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Child in the Road

© 2007 by Cindy Savett
Published by Parlor Press

Available from your local independent
bookstore or from amazon.com. You can also buy it directly from the publisher in three forms:

Paper, $15.00
Cloth, $30.00
Acrobat eBook on CD, $14.00

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Reviews

“The form-giving work of poetry,” writes Susan Stewart in Poetry and the Fate of the Senses, “is to counter the oblivion of darkness.” That poetry can somehow bring both reader and poet up from the depths underlies the poems in Cindy Savett’s first book, Child in the Road. The collection of poems can be read as one extended work in which the author at turns mourns, prays, and rages...

                        --Pamela Hart
                   Galatea Resurrects
              [read the full review here]

I could not read this book without tearing up. It is essentially a book of grief and commemoration of the loss of a child. Savett's writing is very graceful, so the book feels more like a writing through of grief than a screaming lament...

                        --Bill Allegrezza
                       The Daily Glance
              [read the full review here]

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Child in the Road is a mother's response to
the sudden death of her young daughter, a rendering of the wide range of emotions experienced afterwards--not description, but an expression of grief from its center. The poems pull vivid imagery from the deepest layers of the unconscious, postcards from a sleepwalker unable to find rest, waking again and again in the wrong story. Who is alive and who is dead? What does it mean to go on living, "eyes searching / under the earth"?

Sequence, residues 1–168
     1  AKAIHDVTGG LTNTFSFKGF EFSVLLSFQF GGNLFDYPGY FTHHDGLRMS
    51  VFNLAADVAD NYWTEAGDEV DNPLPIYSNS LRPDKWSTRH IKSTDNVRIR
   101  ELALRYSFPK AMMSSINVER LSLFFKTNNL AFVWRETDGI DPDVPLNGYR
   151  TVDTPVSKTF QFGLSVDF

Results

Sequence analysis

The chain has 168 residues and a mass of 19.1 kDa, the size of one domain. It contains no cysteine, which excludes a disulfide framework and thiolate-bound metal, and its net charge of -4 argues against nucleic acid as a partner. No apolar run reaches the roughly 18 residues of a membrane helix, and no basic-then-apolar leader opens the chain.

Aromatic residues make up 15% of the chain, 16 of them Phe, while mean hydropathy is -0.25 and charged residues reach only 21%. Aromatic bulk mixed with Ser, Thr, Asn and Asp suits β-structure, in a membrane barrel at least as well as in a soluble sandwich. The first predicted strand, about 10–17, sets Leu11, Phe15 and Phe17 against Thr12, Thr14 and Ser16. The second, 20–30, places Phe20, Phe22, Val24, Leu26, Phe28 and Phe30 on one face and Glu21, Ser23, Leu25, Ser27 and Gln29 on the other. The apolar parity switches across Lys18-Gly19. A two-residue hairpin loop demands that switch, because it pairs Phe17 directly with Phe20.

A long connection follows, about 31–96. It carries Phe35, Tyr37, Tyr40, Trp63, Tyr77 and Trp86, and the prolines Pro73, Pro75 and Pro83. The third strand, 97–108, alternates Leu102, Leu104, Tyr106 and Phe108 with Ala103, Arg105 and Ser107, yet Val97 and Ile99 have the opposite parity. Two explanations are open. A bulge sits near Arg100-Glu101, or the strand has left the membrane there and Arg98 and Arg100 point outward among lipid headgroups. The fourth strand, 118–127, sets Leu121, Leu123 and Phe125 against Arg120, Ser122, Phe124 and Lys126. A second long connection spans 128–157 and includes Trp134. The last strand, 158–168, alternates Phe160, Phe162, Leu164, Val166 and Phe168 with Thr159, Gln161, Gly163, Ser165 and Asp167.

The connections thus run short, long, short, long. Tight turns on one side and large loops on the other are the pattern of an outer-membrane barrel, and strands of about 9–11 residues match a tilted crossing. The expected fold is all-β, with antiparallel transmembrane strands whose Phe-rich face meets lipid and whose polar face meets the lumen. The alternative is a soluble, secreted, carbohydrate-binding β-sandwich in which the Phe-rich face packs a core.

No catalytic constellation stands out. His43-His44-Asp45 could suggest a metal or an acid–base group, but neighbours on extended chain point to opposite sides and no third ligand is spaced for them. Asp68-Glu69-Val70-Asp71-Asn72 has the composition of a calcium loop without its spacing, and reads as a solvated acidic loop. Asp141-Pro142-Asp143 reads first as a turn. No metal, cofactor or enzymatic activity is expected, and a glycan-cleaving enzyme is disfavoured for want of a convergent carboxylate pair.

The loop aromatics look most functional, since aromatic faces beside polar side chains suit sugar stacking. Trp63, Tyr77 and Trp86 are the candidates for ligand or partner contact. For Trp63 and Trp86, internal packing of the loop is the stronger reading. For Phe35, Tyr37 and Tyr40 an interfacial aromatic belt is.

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Praise for Child in the Road

With a rare combination of intensity fused to grace, the poems in Cindy Savett's first collection, Child in the Road, feel as if they might have been written by a sailor who walked the plank and disappeared into the depths. The poems care nothing for the events or ordinary logic of life on land. They never come up for air--and don't seem to have to. It is as if Savett created each line with an extraordinary lung capacity, so that her poetry can live at the bottom of the ocean of the unconscious--enabling us to live there, too.... The poems shape a brilliant coral reef discovered in the waters of a turbulent dream.

                       --Molly Peacock
              author of Cornucopia: New &               Selected Poems

I read Child in the Road as one long poem, lyric, meditative, wheeling, fierce; for all its richness of language, it seems to be reaching for some place beyond language, from which to mourn the death of a young child:

bless this plate of bones
bless this twisted flight
this first of hours
bless this carrying horse
knees bent
on Mother's Trail.

                        --Jean Valentine
             author of Break the Glass
             and the 2004 National Book Award
             winner, Door in the Mountain

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